Family Tree Baby Names – Think Substance, Not Style

If you were given a list of baby names and told to choose one, you’d probably make your selection based on style. Makes sense, right? Without any other information, that’s about all you could do.

This is what makes plucking a baby name off the family tree tricky. Many of the names on our trees don’t correspond to individuals we personally know (or knew). And the handful of dates and locations listed below those names don’t offer much in the way of context. It’s just a chart full of names. What’s to prevent someone from choosing one of those names based solely on style? Nothing, really.

That’s why, when it comes to family names, I think it’s important to dig a little deeper before making a decision.

First, it’ll keep you from making a mistake. Good names don’t always belong to good people. For instance, let’s say you like the family names Otis and Grace. But the family tree doesn’t mention that Great-great-uncle Otis was a raging alcoholic. Or that your husband’s Great-grandmother Grace was an ardent Nazi sympathizer. Wouldn’t it be nice to know little details like these ahead of time?

Second, it’ll keep you from overlooking someone important. A very cool person may be hiding behind a name that doesn’t strike you as being particularly special. Perhaps among your baby’s ancestors are adventurers, soldiers, suffragettes…who knows. Here’s a real-life example of what I’m talking about from Asra Q. Nomani’s essay “The Scarlet Letter Z”:

I named my son Shibli, meaning “my lion cub” in Arabic, evoking the most famous ancestor in my paternal lineage, a late-nineteenth-century Islamic reformer and scholar by the name of Shibli Nomani.

Third, it’ll teach you something about your family. The search for a name gives you a great reason to delve into your family history. Why not view it as an opportunity?

So, let’s say you’re interested in digging deeper, but all you have is a family tree and limited spare time. Where are you going to get all the information you’re looking for? Here’s what I would try first:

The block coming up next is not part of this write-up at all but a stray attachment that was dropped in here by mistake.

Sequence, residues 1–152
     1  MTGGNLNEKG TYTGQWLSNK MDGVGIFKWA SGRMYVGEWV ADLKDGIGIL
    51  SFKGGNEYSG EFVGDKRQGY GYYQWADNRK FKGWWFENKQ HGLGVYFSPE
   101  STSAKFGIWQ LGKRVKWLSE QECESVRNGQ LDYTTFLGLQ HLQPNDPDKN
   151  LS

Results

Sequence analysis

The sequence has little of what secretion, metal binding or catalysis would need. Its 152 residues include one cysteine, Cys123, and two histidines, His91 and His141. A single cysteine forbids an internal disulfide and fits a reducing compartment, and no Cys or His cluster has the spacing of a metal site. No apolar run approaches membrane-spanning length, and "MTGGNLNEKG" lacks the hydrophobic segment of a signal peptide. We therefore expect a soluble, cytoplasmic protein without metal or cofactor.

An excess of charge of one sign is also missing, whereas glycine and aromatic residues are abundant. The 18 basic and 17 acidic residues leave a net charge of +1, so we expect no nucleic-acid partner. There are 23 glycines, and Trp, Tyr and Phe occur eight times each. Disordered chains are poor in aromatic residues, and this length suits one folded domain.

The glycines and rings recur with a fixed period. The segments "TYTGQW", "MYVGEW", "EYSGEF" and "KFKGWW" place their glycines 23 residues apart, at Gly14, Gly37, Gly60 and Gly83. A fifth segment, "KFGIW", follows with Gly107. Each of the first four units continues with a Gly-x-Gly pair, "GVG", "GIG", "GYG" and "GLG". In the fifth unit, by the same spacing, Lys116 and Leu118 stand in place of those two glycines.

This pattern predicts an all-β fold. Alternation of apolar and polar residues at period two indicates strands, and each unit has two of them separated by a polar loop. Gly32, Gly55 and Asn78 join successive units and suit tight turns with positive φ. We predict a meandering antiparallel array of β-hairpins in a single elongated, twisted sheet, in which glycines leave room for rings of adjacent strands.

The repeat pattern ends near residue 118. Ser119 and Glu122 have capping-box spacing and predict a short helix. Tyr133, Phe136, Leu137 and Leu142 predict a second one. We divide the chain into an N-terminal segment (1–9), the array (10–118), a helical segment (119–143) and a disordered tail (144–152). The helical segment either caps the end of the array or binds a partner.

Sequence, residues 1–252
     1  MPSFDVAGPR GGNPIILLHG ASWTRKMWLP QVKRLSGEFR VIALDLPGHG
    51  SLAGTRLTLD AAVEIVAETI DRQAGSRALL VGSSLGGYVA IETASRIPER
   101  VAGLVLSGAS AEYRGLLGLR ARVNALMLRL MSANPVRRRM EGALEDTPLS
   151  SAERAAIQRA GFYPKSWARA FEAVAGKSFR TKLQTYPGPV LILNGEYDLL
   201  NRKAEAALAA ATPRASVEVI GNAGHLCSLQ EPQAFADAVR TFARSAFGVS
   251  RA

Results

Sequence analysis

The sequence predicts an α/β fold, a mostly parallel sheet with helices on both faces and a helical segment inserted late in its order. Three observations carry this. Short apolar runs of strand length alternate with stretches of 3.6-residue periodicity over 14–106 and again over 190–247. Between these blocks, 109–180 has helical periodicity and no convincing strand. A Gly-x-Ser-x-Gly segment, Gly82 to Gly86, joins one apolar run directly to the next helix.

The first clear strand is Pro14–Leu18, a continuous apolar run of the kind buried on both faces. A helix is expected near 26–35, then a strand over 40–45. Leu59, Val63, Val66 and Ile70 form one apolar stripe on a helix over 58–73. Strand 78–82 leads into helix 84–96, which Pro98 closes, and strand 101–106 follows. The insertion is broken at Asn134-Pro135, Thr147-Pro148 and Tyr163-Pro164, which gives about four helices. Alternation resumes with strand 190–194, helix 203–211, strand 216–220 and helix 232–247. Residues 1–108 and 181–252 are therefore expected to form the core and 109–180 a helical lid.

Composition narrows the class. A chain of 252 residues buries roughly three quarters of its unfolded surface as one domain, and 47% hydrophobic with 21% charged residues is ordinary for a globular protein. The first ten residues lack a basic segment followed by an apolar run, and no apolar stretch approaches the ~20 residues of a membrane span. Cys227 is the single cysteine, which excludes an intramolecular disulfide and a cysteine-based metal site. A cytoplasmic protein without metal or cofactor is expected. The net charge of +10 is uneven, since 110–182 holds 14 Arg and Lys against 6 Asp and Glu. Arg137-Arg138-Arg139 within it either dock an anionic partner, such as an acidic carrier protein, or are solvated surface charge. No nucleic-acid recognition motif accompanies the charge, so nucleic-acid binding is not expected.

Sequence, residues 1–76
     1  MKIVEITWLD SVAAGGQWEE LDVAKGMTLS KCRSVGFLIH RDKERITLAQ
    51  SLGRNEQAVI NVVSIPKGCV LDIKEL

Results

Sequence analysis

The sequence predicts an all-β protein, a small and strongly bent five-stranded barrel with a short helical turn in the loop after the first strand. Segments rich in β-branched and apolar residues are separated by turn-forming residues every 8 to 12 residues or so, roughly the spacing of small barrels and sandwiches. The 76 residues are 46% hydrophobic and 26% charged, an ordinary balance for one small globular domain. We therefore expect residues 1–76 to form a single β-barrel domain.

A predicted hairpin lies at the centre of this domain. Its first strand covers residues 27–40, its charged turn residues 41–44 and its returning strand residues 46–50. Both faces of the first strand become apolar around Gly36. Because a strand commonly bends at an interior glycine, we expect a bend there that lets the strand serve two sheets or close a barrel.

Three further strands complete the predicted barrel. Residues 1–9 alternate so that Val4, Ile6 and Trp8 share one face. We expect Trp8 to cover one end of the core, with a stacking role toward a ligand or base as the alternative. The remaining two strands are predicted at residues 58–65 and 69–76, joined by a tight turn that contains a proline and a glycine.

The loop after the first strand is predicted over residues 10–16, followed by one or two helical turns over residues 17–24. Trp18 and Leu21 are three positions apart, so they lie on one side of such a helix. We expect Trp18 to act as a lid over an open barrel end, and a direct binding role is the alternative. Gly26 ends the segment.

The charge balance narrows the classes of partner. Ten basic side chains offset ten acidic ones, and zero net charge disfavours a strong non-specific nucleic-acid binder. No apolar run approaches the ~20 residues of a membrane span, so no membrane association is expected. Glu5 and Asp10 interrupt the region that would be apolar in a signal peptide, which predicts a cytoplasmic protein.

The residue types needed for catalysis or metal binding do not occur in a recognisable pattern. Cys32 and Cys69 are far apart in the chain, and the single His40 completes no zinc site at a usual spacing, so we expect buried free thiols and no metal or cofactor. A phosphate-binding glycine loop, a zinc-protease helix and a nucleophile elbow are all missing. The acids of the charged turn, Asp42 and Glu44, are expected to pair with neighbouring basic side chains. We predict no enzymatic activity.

1. Older relatives. Invite them out to lunch one day and just ask them to talk. The easiest research you’ll ever do. :)
  2. Obituaries. These aren’t hard to track down, and they give you a decent snapshot of a person’s life.
  3. History books. I don’t mean textbooks–I mean small, regional history books and pamphlets that focus on the towns, villages, and other areas where your ancestors lived. Check the indices for familiar surnames.

What other ideas would you add to this list?

3 thoughts on “Family Tree Baby Names – Think Substance, Not Style

  1. Well, the past year or so I’ve done quite a bit. My historical society was a good place to start, and I live in a reasonably sized city and so the public library has a genealogy section. A distant relative had done her family tree, and it intersected mine, so that was helpful. And then I did join and found a bunch of connections. The problem there is discernment. Is this Edward Blake *my* Edward Blake? for instance…

  2. I’m an archivist, so…

    I’d agree that you should start with your own elderly family members, but also ask other people in the town where your family is or was – old friends of the family, long-time residents, etc. Sometimes non-family will give you the straight scoop on that alcoholic great-uncle when family won’t.

    Is there a town historian that you can talk to? What about the local historical society or history collection at the public library? See if there’s a genealogical group locally.

    You can also check things like the Census, which will give you occupations.

    Finally, once you get past the “great-greats”, no one will likely remember the antics of the person, so don’t worry too much about it.

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